Welcome to the Anxiety issue, which coincides with the launch in Sydney of The Big Anxiety: festival of arts + science + people. Three main factors have determined this focus. The first is that we live in ever more anxious times—a post 9/11 climate of fear and xenophobia, personified by Donald Trump and compounded by economic uncertainty. The second, in some ways linked to the first, is the increasing awareness that mental health is a significant issue right across society. The third is that art can do something about this.In June, the Australia Council published the results of the latest National Arts Participation Survey. Sixty-seven per cent of young people, it revealed, now value the arts for “helping us deal with stress, anxiety, depression.” In July, the report of a UK Parliamentary inquiry, Creative Health, presented resounding conclusions regarding the benefits of art for health, noting in passing that Australia is at the forefront of this field.
But what is “arts and health” and what is its relationship to the wider contemporary art world? As Lord Howarth writes in the foreword to the UK report, there is a “chronic and sterile” stand-off between two camps: the proponents of art for art’s sake vs. those who promote the practical, community benefits of art. This schism still shapes much of our sector, in spite of the many projects that imaginatively cross the divide. In an interview during the last Sydney Biennale, for example, Artistic Director Stephanie Rosenthal warned that art could do no more than “talk about” political matters, insisting, “you’re cheating yourself if you think you’re going to change the world.” We launched The Big Anxiety precisely to challenge this separation and to create a space in the cultural landscape where art and action could be explicitly linked and tested—where art could, if you like, change the world.
If there is a domain in which the impact of art is palpable, it is surely mental health, an area where the capacity for self-reflection and empathy, for exploring and contesting labels, for developing narratives of experience, is fundamental to recovery and wellness. More specifically, art provides a proactive response to anxiety, which is not only a clinical disorder but a state of perturbation and disquiet, a sensitivity to chaos—a condition that requires that we reimagine our social connections, and agency.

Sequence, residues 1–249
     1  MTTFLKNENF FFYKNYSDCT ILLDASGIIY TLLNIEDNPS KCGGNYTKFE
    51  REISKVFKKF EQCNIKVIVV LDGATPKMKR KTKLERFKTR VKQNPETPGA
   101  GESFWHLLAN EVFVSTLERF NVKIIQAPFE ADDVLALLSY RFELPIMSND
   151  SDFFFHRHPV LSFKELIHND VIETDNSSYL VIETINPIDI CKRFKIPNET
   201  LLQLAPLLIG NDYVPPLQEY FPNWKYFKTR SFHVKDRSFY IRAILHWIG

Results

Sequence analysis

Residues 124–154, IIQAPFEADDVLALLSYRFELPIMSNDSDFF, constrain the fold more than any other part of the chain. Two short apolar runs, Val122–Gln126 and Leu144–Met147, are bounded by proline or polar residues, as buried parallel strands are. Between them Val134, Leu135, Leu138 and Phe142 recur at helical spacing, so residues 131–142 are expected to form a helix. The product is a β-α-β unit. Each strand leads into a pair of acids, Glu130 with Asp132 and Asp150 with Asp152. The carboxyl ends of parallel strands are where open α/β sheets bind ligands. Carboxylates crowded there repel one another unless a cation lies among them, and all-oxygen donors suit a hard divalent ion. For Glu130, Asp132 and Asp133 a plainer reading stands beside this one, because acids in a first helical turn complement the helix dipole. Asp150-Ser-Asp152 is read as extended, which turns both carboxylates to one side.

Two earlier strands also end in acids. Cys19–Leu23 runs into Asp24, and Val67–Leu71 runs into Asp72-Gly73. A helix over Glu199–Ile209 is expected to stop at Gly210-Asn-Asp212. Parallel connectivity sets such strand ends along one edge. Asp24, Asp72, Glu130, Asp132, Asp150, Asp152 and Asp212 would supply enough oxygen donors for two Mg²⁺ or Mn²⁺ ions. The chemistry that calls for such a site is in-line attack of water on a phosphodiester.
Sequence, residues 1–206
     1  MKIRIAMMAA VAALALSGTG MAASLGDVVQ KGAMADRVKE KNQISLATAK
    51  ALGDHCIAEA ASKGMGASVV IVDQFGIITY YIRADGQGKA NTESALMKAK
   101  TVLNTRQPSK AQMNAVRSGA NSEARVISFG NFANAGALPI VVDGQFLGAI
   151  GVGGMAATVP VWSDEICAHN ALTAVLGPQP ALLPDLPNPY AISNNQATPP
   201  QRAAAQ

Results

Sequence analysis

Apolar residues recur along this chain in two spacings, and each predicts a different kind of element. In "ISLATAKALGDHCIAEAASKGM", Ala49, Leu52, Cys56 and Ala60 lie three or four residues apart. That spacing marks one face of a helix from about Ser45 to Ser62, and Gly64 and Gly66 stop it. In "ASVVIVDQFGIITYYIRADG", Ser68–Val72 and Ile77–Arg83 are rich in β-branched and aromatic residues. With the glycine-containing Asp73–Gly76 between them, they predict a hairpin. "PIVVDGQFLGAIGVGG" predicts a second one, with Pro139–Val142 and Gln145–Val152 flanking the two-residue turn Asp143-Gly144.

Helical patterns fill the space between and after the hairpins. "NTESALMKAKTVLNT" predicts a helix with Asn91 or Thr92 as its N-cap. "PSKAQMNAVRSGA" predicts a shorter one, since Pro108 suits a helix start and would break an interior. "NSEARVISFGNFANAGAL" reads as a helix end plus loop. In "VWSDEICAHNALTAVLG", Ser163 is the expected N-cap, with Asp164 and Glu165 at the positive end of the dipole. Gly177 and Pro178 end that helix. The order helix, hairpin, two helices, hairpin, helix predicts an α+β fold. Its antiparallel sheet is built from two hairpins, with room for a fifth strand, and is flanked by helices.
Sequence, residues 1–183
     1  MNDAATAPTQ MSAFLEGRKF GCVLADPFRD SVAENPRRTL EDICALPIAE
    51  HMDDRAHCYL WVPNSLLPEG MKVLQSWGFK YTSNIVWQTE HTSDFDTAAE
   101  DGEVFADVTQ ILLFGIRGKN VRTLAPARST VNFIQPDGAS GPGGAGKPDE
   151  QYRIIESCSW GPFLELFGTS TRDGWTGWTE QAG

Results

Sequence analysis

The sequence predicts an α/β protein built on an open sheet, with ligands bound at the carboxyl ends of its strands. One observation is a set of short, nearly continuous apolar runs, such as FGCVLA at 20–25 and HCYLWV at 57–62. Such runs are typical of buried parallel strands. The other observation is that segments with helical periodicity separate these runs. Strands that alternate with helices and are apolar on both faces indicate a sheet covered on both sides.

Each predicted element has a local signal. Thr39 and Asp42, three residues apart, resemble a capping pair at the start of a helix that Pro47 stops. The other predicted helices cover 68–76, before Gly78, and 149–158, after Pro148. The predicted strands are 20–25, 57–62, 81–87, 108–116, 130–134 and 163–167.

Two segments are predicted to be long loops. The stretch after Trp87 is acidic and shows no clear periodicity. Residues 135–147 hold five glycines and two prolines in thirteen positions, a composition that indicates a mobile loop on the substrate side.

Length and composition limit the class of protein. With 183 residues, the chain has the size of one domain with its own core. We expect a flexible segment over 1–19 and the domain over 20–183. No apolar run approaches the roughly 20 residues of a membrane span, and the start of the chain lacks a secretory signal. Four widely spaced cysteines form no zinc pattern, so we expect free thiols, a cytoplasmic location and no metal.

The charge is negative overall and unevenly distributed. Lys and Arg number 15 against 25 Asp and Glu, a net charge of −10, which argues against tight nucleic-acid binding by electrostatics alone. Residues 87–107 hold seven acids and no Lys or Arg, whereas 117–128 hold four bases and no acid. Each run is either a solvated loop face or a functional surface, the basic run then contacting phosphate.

Changing the world is not a question of scale (although the greater the investment, the bigger the result). It is a conceptual reorientation toward engagement and the possibility of change. The projects discussed in this issue have this in common: they are outward facing, even as they address the intimacy of emotional life—concerned with their potential for connection and impact beyond the artworld itself.
As Clive Parkinson, Director of the Arts for Health program at the Manchester School of Art and I discuss, this need not mean that art is instrumental or subservient to a health agenda. The most celebrated artists from Van Gogh to Emin have captured the unruly dimensions of the human mind. For arts and health practitioners, such aesthetic expression is a point of connection; for mental health researchers, it is also potentially rich data—as in the case of our cover image, Landscape of the Mind, an installation created from body maps, depicting the sensation of anxiety. These body maps were developed by participants in workshops led by the Black Dog Institute as part of the lead up to The Big Anxiety. They are the outcome of a three-way collaboration, bringing together art, science and people, and of a research project that is driven by a focus not on medical diagnosis or brain chemistry but on the lived experience of anxiety.
Such a concern with experience is radical and necessary in mental health. Radical because it focuses on people but also because the data and the methods for such inquiry will come not from medicine but from arts. We have a lot to gain from aligning art to the larger goals of social care. But we always need to counter the forces that seek to reduce art to simple, measurable outcomes or to some illustrative role. In this issue, we invite you to envisage the complexity and promise of art in relation to psychological wellbeing and mental health.